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To what extent was Europe, 1890, an area of growing tension sowing the seeds of its own destruction

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To what extent was Europe, 1890, an area of growing tension sowing the seeds of its own destruction? Around 1890 it was apparent that conflict in Europe was almost inevitable, due to many factors to sides (armed camps) had aroused these were; The Triple Entente and The Triple Alliance, through wars and turbulence in Europe the eventual outcome was the outbreak of the first world war. The western powers expanded colonies. However, national rivalries gradually grew and alliance camps emerged. Economic competition and arms race also became intense. The Balkans became a hotpot of western intervention, as the Ottoman Empire declined. Finally war broke out in 1914, a war which was unexpectedly disastrous and destructive in scale. The war was caused by a number of interwoven factors. The first of these factors being nationalism.In 19th Century Europe the desire of subject peoples for independence (This led to a series of national struggles for independence among the Balkan peoples. Other powers got involved and caused much instability.). The desire of independent nations for dominance and prestige. As the powers try to dominate each other in Europe, their rivalries may be regarded as one of the causes of the First World War. ...read more.


the three Emperors agreed to preserve benevolent neutrality if any one of them found himself at war with a fourth power. The League could not last long because Austria and Russia would soon rival over the Balkan Peninsula again. The triple alliance 1882, Bismarck had tactfully encouraged France to expand overseas in the hope of diverting her attention away from Alsace-Lorraine. French annexation of Tunis in northern Africa in 1881 alienated Italy, which was ambitious to build up an Italian empire in Africa. Italy was thus driven into Bismarck's camp in anger. Consequences of this was the emergence of the first alliance camp, a powerful bloc had been formed in central Europe. Germany was now guaranteed against Russia by Austria, and against France by Italy. Bismarck had successfully kept the friendship of both Russia, Austria and Italy and kept France completely isolated. He was indeed a skilful diplomat who was able to handle the European powers for Germany's advantage. Around 1890 there was a change of policy in Germany due to a change in the power this was in the form of Kaiser William the second. Bismarck was a skilful diplomat. For twenty years, he made Germany the centre of the diplomatic stage. ...read more.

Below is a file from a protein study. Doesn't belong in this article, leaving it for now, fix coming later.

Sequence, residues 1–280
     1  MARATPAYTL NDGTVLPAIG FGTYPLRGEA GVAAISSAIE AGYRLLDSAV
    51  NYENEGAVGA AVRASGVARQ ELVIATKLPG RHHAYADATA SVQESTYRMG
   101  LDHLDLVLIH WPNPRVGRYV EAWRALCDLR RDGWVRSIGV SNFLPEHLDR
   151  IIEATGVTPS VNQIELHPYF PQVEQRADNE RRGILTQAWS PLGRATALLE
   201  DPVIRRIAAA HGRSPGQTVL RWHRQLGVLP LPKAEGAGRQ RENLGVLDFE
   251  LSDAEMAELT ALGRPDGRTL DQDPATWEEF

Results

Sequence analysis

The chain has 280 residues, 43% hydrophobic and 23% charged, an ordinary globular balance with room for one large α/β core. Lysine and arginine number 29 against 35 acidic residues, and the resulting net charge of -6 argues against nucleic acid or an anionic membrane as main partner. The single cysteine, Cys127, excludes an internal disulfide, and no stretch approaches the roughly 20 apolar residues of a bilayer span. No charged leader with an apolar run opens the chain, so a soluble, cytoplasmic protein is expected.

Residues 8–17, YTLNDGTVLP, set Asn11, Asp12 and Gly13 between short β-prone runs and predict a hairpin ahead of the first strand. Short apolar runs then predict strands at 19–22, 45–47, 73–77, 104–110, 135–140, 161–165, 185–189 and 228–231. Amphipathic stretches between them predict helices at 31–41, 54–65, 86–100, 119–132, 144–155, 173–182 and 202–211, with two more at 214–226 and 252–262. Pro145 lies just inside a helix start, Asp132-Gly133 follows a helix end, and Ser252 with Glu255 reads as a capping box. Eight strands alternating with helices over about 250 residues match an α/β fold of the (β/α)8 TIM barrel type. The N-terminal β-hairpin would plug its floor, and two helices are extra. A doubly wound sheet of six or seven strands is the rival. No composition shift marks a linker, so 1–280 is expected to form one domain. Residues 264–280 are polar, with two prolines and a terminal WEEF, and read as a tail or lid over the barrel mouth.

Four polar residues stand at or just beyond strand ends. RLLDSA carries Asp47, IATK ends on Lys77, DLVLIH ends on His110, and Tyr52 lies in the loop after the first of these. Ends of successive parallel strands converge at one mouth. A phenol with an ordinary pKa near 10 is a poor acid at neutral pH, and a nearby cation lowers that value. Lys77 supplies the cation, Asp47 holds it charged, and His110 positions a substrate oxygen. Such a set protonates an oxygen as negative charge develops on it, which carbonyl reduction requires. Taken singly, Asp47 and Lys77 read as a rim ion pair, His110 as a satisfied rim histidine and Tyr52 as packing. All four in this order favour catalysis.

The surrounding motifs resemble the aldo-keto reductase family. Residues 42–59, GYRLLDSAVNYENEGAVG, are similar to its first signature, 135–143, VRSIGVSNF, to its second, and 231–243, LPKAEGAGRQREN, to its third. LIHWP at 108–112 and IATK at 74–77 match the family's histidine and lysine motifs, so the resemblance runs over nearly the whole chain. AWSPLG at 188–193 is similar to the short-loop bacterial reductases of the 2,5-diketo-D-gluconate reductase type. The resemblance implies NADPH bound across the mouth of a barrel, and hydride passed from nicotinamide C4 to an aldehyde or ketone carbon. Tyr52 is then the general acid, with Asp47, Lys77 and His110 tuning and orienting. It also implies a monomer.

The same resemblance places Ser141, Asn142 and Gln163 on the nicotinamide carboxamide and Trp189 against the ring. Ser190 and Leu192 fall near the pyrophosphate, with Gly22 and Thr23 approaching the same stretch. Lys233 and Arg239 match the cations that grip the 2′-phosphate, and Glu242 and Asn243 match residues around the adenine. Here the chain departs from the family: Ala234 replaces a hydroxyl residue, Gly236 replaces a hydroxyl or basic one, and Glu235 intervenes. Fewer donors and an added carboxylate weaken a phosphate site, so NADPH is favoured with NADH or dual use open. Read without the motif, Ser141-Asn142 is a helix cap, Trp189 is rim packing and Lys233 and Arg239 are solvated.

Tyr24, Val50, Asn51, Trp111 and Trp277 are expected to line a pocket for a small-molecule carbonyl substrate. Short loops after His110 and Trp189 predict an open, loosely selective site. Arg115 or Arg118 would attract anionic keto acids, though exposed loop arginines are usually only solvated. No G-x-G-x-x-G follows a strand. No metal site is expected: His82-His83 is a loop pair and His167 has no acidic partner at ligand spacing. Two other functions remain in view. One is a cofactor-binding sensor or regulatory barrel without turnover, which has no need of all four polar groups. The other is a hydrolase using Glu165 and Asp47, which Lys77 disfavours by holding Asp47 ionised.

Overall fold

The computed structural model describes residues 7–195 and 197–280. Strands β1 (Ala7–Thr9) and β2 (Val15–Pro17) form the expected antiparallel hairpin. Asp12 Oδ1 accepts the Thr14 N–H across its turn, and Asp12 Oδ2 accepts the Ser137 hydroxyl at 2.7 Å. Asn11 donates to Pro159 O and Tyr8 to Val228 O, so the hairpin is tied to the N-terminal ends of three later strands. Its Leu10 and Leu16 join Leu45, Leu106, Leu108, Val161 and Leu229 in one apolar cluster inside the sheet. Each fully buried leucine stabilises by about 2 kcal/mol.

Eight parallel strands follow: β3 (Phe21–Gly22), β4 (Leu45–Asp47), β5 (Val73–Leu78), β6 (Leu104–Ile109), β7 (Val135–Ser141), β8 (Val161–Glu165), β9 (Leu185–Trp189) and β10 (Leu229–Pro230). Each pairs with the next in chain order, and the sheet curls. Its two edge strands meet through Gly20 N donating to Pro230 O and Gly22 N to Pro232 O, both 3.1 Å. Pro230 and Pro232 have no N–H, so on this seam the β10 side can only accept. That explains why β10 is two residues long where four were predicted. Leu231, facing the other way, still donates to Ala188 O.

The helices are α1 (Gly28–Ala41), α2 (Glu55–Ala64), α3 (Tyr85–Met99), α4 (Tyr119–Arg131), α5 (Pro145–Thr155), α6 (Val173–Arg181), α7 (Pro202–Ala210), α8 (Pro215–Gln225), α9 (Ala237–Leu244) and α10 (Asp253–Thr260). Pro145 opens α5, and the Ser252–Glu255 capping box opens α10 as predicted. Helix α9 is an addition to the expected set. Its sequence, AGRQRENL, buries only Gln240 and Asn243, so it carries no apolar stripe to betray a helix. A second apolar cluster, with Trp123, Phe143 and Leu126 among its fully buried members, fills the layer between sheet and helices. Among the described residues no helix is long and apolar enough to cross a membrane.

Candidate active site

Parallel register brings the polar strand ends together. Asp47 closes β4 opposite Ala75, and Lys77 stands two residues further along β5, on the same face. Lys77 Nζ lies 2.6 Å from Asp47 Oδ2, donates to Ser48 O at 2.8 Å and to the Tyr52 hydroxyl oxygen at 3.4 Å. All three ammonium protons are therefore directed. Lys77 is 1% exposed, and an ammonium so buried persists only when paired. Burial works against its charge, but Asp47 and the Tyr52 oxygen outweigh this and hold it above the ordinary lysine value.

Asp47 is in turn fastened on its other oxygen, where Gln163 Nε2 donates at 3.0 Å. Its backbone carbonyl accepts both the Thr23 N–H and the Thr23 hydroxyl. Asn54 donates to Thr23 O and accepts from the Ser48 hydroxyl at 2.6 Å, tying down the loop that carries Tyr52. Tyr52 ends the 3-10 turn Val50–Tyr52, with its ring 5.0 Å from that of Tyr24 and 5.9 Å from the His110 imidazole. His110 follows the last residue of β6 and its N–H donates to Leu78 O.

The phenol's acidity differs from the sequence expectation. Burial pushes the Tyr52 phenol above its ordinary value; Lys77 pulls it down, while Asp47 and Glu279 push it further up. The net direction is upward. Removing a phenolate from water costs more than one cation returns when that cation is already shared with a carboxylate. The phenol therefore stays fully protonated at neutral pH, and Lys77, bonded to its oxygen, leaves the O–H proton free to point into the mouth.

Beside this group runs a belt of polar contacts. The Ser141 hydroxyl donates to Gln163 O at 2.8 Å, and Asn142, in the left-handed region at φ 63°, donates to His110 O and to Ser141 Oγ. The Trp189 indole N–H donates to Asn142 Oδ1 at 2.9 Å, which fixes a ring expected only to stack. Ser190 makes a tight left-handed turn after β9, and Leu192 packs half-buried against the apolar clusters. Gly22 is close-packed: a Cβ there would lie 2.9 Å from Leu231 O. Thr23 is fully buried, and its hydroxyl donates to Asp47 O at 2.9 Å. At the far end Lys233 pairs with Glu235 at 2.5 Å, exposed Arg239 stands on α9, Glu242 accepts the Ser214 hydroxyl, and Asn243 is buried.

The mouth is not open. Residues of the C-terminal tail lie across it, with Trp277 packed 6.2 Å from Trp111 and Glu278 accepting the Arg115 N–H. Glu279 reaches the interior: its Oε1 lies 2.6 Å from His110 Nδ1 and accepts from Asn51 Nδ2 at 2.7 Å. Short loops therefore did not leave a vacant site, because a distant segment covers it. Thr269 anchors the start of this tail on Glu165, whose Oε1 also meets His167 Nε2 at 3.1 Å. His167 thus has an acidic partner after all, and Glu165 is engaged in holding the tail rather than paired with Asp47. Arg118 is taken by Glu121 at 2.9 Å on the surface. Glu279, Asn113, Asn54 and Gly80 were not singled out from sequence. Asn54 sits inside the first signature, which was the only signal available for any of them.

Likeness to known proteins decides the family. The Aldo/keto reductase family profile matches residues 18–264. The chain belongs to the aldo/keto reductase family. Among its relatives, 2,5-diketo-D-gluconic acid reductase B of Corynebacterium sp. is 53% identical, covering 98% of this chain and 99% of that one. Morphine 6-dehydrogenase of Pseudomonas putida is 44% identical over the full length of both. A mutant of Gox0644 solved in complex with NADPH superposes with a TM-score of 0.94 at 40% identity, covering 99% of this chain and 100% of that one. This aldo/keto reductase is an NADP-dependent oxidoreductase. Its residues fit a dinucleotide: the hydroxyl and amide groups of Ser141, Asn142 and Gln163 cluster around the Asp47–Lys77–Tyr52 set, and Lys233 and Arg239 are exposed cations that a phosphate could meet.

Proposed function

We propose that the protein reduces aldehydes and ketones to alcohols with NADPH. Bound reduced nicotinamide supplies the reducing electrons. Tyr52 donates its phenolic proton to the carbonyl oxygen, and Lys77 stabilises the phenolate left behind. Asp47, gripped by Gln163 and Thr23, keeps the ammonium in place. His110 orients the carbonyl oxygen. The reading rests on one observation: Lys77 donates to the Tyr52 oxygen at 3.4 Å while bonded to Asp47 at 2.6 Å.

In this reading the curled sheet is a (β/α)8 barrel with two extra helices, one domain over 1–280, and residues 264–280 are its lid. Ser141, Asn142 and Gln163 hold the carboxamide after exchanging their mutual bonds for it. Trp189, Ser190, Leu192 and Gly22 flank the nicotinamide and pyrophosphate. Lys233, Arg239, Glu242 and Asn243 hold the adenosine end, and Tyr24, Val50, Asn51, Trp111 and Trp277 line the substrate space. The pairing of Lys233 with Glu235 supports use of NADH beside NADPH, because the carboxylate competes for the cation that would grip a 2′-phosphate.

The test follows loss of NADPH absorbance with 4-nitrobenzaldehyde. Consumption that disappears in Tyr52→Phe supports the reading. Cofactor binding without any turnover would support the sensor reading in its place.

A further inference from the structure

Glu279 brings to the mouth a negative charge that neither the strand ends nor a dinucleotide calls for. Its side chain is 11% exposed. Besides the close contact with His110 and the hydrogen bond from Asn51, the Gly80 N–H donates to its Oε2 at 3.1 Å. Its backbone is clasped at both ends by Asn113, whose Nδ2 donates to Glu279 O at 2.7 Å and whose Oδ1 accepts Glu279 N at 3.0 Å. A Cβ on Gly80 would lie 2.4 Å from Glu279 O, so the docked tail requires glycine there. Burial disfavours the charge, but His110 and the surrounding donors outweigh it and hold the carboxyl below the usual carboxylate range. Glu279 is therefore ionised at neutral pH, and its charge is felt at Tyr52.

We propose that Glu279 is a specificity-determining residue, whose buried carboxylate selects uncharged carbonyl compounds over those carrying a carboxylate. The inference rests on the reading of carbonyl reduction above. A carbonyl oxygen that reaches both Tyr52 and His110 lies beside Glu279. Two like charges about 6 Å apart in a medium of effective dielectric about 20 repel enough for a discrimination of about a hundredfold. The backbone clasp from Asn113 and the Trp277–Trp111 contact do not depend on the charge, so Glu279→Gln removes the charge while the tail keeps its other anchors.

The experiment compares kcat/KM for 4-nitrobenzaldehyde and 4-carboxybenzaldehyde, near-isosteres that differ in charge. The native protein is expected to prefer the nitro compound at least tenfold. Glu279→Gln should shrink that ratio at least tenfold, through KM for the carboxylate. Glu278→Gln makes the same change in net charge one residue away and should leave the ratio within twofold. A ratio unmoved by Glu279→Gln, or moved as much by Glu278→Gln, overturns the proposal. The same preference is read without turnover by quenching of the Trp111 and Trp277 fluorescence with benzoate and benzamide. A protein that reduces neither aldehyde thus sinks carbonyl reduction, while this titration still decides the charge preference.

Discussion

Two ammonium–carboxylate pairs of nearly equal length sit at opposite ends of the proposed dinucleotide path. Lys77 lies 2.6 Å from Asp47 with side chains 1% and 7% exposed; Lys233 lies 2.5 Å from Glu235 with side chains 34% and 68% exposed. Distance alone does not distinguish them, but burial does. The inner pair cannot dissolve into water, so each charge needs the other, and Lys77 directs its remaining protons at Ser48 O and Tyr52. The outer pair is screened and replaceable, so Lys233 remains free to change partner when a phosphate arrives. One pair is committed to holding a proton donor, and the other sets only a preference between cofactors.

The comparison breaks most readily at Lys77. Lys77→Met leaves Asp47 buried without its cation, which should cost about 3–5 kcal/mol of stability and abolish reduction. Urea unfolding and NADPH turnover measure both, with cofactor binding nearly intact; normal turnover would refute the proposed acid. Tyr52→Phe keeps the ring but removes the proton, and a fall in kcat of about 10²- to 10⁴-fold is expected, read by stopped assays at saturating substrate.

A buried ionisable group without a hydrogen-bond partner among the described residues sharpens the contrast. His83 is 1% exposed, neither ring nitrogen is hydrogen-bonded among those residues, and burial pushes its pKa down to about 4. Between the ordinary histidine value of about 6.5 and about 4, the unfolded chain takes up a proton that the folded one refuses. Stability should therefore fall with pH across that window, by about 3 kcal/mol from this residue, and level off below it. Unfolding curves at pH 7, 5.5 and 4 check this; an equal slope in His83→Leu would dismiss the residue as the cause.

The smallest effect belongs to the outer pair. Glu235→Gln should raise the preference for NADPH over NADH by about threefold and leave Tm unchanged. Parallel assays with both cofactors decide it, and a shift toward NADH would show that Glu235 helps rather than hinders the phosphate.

The trade rivalry between Britain and Germany had also eased off in the ten years before the war because they developed their markets in different parts of the world -- Britain within her own Empire, and Germany on the continent of Europe. Thus economic rivalries played a minor part in causing the First World War. One other minor factor, which led to growing tension, was colonial rivalries. After 1870, the European nations began to acquire colonies in Asia, Africa and the Pacific. Their imperialistic activities accelerated from 1880 onwards. Colonial rivalries were a cause of the First World War for two main reasons; firstly, colonial rivalries led to strained relations among the European powers. In Africa, all the European powers except Austria and Russia had colonies there. Thus there were many clashes among France, Britain, Germany and Italy. Secondly, colonial rivalry led to indirectly to the formation and strengthening of alliances and ententes. So when all these smaller rivalries, alliances and other European matters are put together they put together a complicated yet understandable web of reasons why that in 1890 Europe was an area of growing tension, sowing the seeds of its own destruction, which in 1914 was proven with the outbreak of the First World War which had seemed inevitable for forty years previous to it! ...read more.

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